In 2012, Frieze is extending its scope beyond the contemporary works of its Frieze Art Fair. Frieze Masters, to be held alongside the established event in London’s Regent’s Park, will provide
an unstuffy presentation of older artworks, spanning from the Renaissance to the late 20th century. The new fair’s fresh approach is expressed in its wordmark: the individual characters are historic (based on Berthold Wolpe’s Albertus typeface),
but the asymmetrical all-lower-case setting provides an informal
and modern arrangement.
Frieze Masters’ campaign strategy applies similar principles, creating an identity for each annual fair around multiple details
of a single important historic artwork. Cropping creates a tension and abstraction that counters the artwork’s familiarity. It also provides a family of details for advertising and marketing applications, each one unique, but consistent in palette and texture. A fresh artwork will be selected from a public gallery for each campaign, beginning this year with the National Gallery’s ‘The Annunciation, with Saint Emidius’, painted in 1486 by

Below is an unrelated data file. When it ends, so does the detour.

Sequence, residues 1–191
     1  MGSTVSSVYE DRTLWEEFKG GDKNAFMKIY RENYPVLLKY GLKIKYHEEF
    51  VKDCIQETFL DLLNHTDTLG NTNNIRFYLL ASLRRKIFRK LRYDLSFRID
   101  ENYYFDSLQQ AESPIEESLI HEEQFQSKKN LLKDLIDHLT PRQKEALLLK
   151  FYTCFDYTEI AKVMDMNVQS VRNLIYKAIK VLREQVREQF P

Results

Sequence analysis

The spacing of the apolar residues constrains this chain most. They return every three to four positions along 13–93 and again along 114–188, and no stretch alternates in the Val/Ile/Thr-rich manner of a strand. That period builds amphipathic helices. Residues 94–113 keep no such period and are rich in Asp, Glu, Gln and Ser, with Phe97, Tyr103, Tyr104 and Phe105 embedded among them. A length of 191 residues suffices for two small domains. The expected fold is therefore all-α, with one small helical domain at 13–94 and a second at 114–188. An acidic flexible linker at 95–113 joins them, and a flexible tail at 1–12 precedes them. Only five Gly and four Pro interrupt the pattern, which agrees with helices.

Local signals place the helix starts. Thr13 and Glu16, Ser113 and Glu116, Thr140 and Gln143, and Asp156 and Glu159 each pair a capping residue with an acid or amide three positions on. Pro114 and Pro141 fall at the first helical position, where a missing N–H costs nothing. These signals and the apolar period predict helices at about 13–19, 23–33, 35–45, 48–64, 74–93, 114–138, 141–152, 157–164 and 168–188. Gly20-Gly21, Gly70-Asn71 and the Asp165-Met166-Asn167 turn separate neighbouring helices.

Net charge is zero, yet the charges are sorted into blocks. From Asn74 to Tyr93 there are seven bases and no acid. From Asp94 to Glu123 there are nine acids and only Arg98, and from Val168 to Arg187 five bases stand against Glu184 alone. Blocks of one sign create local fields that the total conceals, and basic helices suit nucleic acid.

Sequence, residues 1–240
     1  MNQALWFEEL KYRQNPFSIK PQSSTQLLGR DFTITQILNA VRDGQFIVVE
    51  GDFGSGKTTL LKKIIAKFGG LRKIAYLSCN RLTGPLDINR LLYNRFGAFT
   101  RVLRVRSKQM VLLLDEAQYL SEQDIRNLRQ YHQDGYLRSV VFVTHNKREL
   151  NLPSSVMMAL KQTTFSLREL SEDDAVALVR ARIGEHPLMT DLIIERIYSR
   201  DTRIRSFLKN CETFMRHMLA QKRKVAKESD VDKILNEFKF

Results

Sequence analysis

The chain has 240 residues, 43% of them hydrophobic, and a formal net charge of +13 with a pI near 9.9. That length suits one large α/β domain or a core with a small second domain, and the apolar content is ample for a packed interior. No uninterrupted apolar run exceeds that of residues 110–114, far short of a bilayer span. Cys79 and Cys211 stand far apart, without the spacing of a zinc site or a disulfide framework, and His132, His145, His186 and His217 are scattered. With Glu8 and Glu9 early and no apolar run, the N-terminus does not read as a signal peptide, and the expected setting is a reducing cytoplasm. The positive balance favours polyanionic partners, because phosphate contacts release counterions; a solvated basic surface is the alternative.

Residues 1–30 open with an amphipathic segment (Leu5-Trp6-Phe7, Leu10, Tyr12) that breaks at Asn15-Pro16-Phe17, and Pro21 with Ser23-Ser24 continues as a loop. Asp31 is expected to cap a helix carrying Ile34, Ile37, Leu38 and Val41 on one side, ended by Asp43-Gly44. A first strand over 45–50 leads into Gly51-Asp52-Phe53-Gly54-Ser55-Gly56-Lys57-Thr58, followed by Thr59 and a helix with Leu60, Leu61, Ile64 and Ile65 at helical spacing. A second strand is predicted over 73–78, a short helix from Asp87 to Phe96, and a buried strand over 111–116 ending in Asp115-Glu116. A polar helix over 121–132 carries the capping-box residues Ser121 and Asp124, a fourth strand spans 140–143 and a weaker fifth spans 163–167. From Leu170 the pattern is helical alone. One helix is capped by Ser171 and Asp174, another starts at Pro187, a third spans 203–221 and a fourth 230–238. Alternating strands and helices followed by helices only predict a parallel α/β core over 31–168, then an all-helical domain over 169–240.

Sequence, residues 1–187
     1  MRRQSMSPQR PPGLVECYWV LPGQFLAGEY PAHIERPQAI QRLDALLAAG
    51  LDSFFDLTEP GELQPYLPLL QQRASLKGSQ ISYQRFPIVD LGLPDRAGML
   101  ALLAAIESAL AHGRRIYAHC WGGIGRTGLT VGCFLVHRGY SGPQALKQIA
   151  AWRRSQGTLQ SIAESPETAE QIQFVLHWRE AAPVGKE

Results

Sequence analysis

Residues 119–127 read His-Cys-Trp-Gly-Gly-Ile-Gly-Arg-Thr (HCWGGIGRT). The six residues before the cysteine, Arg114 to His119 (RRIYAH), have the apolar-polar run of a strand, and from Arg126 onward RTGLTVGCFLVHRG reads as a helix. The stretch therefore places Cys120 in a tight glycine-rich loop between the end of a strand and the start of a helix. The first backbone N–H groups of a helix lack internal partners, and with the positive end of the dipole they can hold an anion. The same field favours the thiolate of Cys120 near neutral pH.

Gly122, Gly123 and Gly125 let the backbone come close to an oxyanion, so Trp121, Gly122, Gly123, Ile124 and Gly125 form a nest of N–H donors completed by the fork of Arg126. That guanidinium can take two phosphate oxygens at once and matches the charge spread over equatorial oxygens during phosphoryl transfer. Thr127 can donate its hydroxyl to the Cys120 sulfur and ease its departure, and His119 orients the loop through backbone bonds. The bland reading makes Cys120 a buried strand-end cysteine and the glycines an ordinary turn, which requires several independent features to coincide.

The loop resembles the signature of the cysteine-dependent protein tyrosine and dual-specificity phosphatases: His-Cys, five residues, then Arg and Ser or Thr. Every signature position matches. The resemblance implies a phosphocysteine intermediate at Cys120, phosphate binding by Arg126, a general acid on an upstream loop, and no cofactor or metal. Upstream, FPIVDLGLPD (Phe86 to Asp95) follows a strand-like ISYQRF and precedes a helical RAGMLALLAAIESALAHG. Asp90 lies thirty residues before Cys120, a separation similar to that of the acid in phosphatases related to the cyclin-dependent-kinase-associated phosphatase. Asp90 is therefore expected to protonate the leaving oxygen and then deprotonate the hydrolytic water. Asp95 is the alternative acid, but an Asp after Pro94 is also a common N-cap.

Reflecting the significant cross-over between the two events, Frieze Masters has adopted many of the brand components familiar from the established Frieze Art Fair. The continuity
of secondary typestyle and printed formats is both practical
for Frieze and reassuring for its audience.
Photography: Mike Bruce
Courtesy of the National Gallery